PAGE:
Scatterlings of Africa

Memories of Africa from a post I wrote two years ago, hope you enjoy.

Retirement and beyond

This  song was written by a South African singer, Johnny Clegg, and tells about the many people who were born in Africa, or  who, like me,  lived there for a considerable time, and are now scattered all over the world.

I was born in Ireland, but moved to Zimbabwe (then known as Rhodesia) in the 70s when I was newly wed and looking for adventure and a new life.    My four children were born there, and I stayed in Zimbabwe until 2002, almost 30 years.  We lived in a peaceful country with a great climate, in a country with lots of natural beauty, and with lots of wildlife and amazing scenery, sunrises and  sunsets like no other.   Life was good, we watched our children take their first steps, starting their own big adventures, learning to walk, learning to run, but always within the comfort of home and within…

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A Nostalgic Walk around the City

Some of the old buildings around Cork City have been around for ever.    A lot of them I remember from my school days, though sadly most of them are not used for the same purposes they were in those days.    Still the old names remain, to bring back memories.

The Savoy Cinema, was probably one of the first cinema houses in Cork, and I remember the excitement of going there every year when the Cork Film Festival was on, and us teenagers stood at the side of the red carpet and watched in awe as glamorous  film stars alighted from the limousines and the camera bulbs flashed…our own taste of Hollywood or Cannes!   I can’t remember what film stars we saw, I am sure they were rich and famous at the time, though.  The Savoy building still stands, with shops on the ground floor, and discos and live bands still appear there, but sadly no more red carpet or movie stars.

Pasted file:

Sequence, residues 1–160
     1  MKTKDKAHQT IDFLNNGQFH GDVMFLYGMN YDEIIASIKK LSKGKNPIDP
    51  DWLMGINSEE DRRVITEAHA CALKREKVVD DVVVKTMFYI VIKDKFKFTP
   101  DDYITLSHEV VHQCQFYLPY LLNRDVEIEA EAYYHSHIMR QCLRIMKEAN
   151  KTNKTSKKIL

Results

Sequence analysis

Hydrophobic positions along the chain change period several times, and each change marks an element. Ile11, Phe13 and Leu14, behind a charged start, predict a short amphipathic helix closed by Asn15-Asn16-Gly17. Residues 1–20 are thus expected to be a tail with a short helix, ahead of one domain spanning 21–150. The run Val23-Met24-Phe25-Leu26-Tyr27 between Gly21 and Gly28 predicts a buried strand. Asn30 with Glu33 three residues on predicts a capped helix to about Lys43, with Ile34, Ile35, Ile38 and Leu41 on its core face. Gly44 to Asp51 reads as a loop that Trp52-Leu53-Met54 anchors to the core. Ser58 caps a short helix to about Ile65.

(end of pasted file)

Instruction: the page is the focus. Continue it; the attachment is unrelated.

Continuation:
Savoy Cinema

Savoy Cinema

Across the road from the Savoy were two of the biggest shops in Cork – Cashs (now Brown Thomas) and Roches Stores (now Debenhams), everyone in Cork city and county, and in many surrounding counties, came to the city specially to meet up and shop in these shops.     Along with the Munster Arcade and the Queens Old Castle, these were the 4 main department stores at the time.

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Then there were the hotels, the Imperial on the South Mall and  the Metropole on McCurtain Street, both still going, and the Victoria Hotel on Patricks Street, now closed, but the name is still there

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And in those days of high unemployment, I am sure everyone remembers the Labour Exchange, where you had to sign on every week to get a few bob.    I don’t know whose offices are there now, but it is in good condition, if only those walls could talk, they saw a lot of people going through the doors every week.

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